Sanjay Singh, formerly of Abercrombie & Fitch and Procter & Gamble, will head up a new data-analysis business unit.
The site helps women take detailed measurements and then shows them apparel that flatters.
Nearly one million online shoppers have registered on members-only women’s apparel site MyShape.com since its launch in October of 2006. That’s likely because many women are frustrated with ordering clothes online that either don’t fit or are far from flattering, CEO Mercedes De Luca says.
MyShape aims to solve this headache with a system that has a shopper take 11 measurements and answer questions about her style preferences, then assigns her one of seven body shapes. MyShape then creates a personal store for her, featuring styles designed to fit, look good and jive with her style.
“A lot of women learn what looks good on them through lots of time trying things on and experimentation,” De Luca says. “But we can save them that time. We know if you have broad shoulders, you won’t look good in a boatneck top and that you will want to stay away from pieces with embellishments on the shoulders.” By asking women what they prefer as well, such as the skirt lengths they like and if they like their outfits snug or loose, MyShape also shows women pieces they will want to buy, she says.
The site’s fit technology is called ShapeMatch and it is designed to match women with clothing that corresponds to their personal measurements. Rather than a size, it is a proportional description of a woman’s figure and how her physical attributes relate to each other, MyShape says. Additionally, every garment on MyShape is assigned a Shape Code, which relates to its style attributes like pant length, the shape of a sleeve or the silhouette of a skirt.
The ShapeMatch system uses this combined data along with a shopper’s style preferences to provide her with a personal shop populated with items and looks that match her measurements and preferences. When women select an item in their shop, it automatically calculates the right size for her proportions.
The site, which sells pieces from more than 200 brands, helps avoid the hassle of returning a piece because it doesn’t fit, DeLuca says. “We can say, in this Elie Tahari skirt, you need a two, but in this Elie Tahari dress, you’ll need a size four,” she says.
For those women who question if they know exactly where to measure their hips or how to figure out the width of their shoulders, the site offers a video with an animated character measuring herself in the spots required by the ShapeMatch system. The video pauses after each measurement until the shopper keys in her measurement and then moves on.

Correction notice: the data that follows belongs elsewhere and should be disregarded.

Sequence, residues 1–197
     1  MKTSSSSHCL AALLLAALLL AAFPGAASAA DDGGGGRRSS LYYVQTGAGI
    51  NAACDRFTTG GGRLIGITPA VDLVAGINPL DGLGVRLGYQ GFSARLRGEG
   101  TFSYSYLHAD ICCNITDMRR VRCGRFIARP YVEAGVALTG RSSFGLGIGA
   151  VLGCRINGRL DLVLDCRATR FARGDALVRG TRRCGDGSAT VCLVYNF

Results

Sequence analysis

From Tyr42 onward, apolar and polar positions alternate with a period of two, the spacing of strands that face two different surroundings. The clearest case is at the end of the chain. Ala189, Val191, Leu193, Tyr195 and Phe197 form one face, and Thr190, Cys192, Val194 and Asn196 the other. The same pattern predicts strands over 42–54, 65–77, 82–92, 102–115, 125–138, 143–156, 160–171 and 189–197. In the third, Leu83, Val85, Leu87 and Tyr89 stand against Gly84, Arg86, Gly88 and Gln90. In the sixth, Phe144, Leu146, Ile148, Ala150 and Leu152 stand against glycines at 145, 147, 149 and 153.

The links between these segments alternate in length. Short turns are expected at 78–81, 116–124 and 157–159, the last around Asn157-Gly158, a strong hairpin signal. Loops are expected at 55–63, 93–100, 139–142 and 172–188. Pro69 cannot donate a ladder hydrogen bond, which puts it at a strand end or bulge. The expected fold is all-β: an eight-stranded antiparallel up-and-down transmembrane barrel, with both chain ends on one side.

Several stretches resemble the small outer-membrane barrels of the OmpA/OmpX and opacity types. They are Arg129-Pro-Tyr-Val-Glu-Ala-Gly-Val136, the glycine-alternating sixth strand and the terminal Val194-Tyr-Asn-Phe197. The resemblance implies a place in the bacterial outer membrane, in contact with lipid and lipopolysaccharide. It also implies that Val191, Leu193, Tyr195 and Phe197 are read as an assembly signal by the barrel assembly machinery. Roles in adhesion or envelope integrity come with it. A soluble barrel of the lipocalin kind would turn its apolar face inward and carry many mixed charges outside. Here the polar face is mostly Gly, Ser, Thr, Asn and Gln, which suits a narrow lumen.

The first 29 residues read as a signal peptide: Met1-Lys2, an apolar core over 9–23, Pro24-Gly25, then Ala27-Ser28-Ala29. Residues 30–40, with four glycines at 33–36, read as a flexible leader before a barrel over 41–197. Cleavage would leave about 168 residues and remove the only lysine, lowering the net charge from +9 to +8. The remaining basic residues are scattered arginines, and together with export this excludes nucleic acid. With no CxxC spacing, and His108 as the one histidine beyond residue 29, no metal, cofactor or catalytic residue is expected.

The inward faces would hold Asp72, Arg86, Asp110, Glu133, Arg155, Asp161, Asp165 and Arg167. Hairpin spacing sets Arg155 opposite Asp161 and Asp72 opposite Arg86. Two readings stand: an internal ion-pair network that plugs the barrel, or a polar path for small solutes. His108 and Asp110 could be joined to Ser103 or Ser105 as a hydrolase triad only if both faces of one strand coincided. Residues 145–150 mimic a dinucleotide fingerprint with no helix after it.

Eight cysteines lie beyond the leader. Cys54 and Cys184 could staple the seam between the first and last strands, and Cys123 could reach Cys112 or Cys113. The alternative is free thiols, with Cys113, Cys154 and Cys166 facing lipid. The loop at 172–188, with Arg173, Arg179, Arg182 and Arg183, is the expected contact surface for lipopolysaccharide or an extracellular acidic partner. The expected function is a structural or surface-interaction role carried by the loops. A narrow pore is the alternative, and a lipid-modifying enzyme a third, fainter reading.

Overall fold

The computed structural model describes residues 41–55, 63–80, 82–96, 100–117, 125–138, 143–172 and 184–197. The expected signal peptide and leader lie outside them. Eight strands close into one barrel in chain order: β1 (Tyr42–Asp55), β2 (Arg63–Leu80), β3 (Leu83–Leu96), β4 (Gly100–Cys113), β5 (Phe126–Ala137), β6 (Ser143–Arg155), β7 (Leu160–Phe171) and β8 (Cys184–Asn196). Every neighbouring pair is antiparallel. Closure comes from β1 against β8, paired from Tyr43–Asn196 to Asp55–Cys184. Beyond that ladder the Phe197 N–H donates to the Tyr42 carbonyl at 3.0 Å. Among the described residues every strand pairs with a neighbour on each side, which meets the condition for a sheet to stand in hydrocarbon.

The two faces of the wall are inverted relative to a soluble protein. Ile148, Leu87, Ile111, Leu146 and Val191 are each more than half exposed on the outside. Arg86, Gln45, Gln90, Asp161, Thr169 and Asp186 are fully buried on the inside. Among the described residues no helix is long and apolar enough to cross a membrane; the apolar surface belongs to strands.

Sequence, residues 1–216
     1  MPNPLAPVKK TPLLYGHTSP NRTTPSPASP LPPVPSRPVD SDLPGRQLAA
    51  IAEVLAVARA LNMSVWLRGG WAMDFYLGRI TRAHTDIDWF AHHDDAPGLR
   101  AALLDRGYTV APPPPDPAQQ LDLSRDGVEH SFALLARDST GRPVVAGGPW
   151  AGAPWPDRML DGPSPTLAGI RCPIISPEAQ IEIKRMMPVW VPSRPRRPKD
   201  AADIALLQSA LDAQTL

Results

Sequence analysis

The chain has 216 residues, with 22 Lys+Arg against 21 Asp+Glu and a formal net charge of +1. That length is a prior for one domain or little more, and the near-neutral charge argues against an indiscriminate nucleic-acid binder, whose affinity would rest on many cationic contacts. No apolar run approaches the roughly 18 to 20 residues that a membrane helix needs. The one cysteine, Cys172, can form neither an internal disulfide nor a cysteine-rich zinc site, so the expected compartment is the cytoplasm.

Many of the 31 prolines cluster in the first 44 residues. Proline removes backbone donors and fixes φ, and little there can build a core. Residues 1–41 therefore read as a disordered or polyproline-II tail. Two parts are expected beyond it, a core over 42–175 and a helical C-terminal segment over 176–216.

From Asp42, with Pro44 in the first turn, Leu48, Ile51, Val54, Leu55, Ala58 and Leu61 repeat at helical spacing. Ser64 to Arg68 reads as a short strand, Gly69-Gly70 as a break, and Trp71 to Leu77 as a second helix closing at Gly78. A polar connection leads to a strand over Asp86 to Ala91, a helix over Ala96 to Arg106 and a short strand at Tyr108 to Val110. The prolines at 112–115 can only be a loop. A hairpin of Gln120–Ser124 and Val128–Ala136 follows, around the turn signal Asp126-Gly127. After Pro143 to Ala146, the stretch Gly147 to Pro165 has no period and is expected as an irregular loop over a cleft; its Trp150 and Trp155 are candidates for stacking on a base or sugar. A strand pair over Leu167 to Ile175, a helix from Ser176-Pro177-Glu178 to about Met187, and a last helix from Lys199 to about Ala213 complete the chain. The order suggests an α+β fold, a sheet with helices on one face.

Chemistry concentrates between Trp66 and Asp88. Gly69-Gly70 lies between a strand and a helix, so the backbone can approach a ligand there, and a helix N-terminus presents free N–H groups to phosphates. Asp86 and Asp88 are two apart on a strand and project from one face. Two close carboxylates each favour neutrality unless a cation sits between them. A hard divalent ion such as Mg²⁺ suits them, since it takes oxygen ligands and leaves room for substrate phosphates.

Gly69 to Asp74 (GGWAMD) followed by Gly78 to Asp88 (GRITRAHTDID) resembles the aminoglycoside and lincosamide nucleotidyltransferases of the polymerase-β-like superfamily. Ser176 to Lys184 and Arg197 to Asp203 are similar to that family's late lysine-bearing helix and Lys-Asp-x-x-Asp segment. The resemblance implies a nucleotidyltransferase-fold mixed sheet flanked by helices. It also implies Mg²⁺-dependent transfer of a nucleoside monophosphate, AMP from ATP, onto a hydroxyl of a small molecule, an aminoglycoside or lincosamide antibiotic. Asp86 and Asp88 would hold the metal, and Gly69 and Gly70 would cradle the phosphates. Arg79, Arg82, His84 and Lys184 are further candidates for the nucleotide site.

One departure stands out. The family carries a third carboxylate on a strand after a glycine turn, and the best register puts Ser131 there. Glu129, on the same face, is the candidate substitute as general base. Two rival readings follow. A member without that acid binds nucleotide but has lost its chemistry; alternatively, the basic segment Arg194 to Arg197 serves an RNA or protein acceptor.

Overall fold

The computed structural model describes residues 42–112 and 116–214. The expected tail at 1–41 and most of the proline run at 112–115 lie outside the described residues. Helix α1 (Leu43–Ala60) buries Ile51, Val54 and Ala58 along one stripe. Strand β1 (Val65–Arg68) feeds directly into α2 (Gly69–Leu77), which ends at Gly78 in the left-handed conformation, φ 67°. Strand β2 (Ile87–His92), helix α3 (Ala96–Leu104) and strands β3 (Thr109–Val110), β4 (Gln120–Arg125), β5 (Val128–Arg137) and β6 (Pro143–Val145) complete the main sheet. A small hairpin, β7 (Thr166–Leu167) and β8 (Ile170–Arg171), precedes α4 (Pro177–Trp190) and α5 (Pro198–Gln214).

Membership on MyShape is free, De Luca says. When a member logs in to the site, she clicks Start Shopping to view all the items in her personal store, arranged by type of apparel such as dresses or jeans. Shoppers also can design their own jeans through the site.
“We get rid of anything that doesn’t fit or won’t look good on you and show you only things you want to see,” De Luca says.
In its first year, De Luca says MyShape was mainly focused on perfecting its technology. Now that it has refined its measuring and recommendations system, it is launching new features and tools to improve its online store. The retailer next month is relaunching its site, which will more heavily promote a few tools that previously were hard to find because MyShape was testing them out.
One of those features is Ask a Friend, which allows members to invite a friend to view her personal shop. The friend, who presumably knows the shopper’s taste, lifestyle and body shape, can leave comments on the items.
“Reviews on apparel sites often don’t help women because they come from shoppers with all sorts of body types,” De Luca says. “But if your good friend says ‘This would look great on you’, it’s extremely helpful.”
The new site also will feature a tool called a Style Rater, enabling a shopper to give items in her personal shop a ‘Thumbs up’ or ‘Thumbs down’. The ‘Thumbs down’ selections are removed, De Luca says. MyShape is planning to use this feature to learn more about each shopper’s personal preferences so that the site can present her with more relevant choices, DeLuca says.
In an effort to ramp up awareness of MyShape and its revamped site, the retailer is kicking off a MyShape Challenge in which women can take a few measurements, not the full 11, and have MyShape select a pair of pants for them to purchase. MyShape will then ship the pants to the shopper along with a scarf in the shopper’s color of choice. If the pants don’t fit she can return them and MyShape will pay for postage. Either way she gets to keep the scarf.
Scarves, after all, fit just about everyone.